Strategies based on DNA rather than RNA profiling may be a way forward. DNA is considered less sensitive to degradation than RNA in FFPE samples10,11 and enzymatic strategies for DNA repair have greatly improved the analysis of FFPE DNA12,13,14,15. A strategy for robust analysis of clinical and archival FFPE samples could involve DNA methylation as highly concordant DNA methylation profiles are produced from matched FF and FFPE tissues when using the Illumina Infinium HumanMethylation Beadchip technology14,16,17. In addition, many biological traits, such as RNA expression and cell-type identity, are associated with specific and robust DNA methylation patterns in the genome18,19. This suggests that both gene expression and cell-type information may be extracted from DNA methylation profiles of FFPE samples and used for molecular classification and prognostication, as an alternative to RNA profiling. Furthermore, conversion of methylation profiles into a gene-centric expression format would allow molecular analysis of FF and FFPE samples using the plethora of bioinformatics tools, databases, and signatures established for RNA expression analysis.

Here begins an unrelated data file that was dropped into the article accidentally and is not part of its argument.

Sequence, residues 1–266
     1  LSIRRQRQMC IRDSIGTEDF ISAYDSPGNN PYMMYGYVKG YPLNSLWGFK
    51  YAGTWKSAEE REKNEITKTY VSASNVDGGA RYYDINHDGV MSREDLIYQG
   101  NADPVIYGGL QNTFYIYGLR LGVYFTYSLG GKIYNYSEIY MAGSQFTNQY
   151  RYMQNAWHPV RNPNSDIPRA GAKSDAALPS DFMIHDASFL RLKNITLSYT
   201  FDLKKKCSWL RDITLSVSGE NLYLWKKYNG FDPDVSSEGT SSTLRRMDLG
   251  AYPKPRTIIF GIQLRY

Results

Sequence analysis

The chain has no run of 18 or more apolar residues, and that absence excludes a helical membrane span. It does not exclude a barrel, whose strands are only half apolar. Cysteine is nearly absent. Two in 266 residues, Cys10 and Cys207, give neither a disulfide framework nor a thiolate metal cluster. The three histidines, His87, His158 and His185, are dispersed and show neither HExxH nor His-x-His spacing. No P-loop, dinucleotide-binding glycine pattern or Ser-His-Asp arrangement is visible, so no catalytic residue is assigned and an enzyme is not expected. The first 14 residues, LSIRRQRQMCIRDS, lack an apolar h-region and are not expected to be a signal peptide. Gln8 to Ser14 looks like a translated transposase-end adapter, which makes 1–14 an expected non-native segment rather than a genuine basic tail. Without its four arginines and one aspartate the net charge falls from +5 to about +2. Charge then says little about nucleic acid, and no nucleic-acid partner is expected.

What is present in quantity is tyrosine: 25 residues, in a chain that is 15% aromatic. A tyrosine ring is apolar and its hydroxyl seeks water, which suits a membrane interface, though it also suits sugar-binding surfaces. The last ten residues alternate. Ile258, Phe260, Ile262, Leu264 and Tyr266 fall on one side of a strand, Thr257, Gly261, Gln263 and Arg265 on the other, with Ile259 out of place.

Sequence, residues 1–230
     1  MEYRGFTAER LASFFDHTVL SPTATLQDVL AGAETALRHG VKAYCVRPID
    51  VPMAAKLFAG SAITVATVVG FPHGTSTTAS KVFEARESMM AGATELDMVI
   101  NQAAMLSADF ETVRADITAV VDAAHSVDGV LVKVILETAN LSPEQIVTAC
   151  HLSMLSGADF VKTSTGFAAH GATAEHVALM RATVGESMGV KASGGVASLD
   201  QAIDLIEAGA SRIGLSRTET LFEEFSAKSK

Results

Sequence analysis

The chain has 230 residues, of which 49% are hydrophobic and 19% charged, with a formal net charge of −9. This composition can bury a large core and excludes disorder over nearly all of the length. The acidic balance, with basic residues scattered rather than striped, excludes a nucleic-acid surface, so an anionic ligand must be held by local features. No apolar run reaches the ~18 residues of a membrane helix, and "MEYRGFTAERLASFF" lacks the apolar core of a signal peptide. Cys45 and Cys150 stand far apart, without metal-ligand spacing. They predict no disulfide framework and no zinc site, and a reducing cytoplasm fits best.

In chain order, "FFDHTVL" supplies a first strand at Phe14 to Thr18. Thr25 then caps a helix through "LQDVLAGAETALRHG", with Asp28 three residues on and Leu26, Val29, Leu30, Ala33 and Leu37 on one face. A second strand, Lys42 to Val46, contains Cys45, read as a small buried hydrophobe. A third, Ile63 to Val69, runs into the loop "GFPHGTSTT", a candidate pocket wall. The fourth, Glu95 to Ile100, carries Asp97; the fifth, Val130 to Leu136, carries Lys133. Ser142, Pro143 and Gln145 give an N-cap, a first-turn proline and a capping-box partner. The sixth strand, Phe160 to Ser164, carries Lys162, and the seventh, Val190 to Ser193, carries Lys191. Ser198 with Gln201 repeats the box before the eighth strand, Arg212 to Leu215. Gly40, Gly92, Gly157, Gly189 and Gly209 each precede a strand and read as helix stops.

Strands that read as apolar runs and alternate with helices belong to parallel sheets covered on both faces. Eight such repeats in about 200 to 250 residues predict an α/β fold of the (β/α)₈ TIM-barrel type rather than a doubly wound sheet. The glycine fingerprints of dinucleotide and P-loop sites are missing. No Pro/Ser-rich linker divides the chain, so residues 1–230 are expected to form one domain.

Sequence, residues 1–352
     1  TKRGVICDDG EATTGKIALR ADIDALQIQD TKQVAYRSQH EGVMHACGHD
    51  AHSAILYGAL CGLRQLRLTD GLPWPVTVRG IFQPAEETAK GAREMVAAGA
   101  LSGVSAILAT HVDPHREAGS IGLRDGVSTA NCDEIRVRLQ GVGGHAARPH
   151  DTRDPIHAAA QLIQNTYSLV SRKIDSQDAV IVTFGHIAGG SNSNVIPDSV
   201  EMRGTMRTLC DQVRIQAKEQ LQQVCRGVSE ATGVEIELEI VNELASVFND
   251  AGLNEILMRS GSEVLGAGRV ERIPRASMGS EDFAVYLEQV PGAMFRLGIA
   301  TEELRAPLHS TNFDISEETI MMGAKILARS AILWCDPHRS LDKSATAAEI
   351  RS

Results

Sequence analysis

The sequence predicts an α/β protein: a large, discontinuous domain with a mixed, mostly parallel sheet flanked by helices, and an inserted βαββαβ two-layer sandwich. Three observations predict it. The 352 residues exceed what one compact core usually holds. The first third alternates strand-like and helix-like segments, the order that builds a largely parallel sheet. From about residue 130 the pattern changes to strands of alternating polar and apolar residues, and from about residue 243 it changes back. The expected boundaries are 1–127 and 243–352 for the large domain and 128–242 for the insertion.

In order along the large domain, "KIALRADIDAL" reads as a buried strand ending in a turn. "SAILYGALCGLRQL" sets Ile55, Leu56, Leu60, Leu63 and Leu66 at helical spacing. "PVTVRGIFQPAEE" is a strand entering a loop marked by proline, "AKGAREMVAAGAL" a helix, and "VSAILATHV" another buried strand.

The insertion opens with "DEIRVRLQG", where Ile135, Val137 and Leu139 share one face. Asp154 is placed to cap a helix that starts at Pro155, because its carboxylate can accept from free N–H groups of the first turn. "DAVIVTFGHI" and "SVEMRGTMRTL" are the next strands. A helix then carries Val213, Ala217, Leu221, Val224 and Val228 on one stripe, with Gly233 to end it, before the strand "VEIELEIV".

Motivated by this, we here develop MethCORR, an approach, which identifies genome-wide correlations between gene expression and DNA methylation and use this to obtain gene expression and cell-type information in independent samples from their DNA methylation profiles. In homogenous cell preparations, associations between gene expression and DNA methylation have been observed only for a small fraction of genes when analyzing local promoters, gene bodies, or nearby enhancers20,21,22. We hypothesize that genome-wide correlation analysis will identify far more associations and that these will include both functional gene-regulatory interactions and indirect associations e.g. between cell-type-specific RNA expression and cell-type-specific DNA methylation. We here show that MethCORR, independent of whether the methylomes were produced from FFPE or FF tissues, allows expression information to be inferred for a large number of genes (>11,000). Consequently, MethCORR enables a plethora of molecular analyses to be performed on otherwise difficult-to-analyze FFPE tissues e.g. tumor characterization, tumor classification, and interpretation of expression signatures to derive DNA methylation-based biomarkers. Hereby MethCORR also provides a path for improved, subtype-specific prognostication of CRC using clinical FFPE samples.